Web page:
For many of us, Thanksgiving is a holiday about tradition, and a substantial component of that tradition is the food. Year after year we look forward to that unforgettable roast turkey or that nostalgic first bite of pumpkin pie. We always do our best to emulate Grandma’s cranberry sauce, or spend tireless hours in the kitchen baking a buttery piecrust to rival Marie Callender’s.
But in a modern age of health-conscious eating and complicated diets, how does one keep their principles without having to pass on the classic plates of their childhood?
The paleo diet is a nutritional plan designed to optimize health by mimicking the diet of our hunter-gatherer ancestors. The goal: Eat nothing that can’t be caught or foraged.
Proponents of this diet claim that by minimizing intake of carbohydrates and maximizing the amounts of proteins and fibers in the modern diet, we can return to a dietary balance earlier civilizations had right the first time.
But what does this mean for your Thanksgiving plans if you or one of your guests is a follower of the increasingly popular paleo diet? Don’t plan to serve anything that needs to be cultivated. This includes grains, potatoes, legumes, and most dairy. And certainly nix any refined or processed food products that might have made it onto your menu.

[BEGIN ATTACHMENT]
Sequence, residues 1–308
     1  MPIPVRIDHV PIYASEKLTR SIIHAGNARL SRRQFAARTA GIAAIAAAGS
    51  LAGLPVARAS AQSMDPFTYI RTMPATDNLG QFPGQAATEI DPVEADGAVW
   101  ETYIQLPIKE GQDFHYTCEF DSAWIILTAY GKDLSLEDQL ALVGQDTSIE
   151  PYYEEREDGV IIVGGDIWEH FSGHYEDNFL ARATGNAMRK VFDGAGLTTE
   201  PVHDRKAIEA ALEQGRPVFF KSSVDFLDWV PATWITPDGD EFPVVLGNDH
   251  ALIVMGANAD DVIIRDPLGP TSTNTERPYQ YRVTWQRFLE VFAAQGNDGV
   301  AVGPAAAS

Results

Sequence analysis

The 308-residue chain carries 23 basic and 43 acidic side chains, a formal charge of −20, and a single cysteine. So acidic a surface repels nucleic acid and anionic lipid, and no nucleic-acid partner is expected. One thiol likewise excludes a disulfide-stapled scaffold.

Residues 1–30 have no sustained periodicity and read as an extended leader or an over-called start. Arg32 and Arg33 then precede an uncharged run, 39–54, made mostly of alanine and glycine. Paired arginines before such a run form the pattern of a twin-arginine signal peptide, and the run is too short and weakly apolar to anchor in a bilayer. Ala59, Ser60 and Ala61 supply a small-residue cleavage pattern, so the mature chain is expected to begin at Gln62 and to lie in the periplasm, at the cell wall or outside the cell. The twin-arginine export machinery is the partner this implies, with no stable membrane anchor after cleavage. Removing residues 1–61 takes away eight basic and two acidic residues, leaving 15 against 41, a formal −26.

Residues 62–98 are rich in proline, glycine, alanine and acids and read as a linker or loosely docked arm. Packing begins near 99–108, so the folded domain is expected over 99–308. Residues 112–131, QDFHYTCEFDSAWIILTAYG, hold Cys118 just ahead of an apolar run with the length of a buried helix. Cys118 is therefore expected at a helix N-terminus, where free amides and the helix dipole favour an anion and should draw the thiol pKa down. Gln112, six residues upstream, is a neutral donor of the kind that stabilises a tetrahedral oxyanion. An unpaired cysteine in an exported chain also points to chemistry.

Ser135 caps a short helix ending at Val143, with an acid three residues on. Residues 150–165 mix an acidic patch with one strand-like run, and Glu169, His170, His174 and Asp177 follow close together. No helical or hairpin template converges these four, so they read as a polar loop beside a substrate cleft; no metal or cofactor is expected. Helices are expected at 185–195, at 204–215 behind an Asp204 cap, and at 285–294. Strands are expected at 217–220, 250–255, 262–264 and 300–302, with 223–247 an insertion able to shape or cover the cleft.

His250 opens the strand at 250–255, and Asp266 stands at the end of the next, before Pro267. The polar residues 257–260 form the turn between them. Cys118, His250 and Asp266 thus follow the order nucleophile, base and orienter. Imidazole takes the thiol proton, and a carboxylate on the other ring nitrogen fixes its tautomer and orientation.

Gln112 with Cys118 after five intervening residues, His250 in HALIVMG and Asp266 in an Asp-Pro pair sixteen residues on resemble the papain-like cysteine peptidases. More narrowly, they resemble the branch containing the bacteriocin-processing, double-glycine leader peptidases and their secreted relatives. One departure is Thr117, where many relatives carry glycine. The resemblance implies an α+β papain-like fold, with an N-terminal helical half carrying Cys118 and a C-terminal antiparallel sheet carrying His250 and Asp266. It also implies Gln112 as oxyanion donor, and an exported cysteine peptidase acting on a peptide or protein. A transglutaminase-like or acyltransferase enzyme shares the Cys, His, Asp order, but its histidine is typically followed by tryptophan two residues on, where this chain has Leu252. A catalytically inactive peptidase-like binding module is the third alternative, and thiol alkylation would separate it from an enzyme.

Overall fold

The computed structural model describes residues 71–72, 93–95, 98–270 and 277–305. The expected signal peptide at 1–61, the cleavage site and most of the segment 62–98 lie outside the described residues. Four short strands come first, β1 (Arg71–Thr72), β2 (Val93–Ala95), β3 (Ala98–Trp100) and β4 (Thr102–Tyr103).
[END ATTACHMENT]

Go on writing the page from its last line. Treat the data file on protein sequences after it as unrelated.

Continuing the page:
So what can you do to keep your Thanksgiving table looking festive and full despite all these restrictions? Most fruits and vegetables are safe to serve, as well as any kind of meat, as long as it’s grass-fed and pasture raised. Sweeten your desserts with maple syrup or a small amount of honey to avoid using refined, white sugar.
If you’re interested in creating a delicious paleo Thanksgiving to make our ancestors proud, or just looking to find out a little more information, check out these six, easy substitutions for traditional Thanksgiving recipes that will make them paleo-friendly. You’ll be thankful that you did.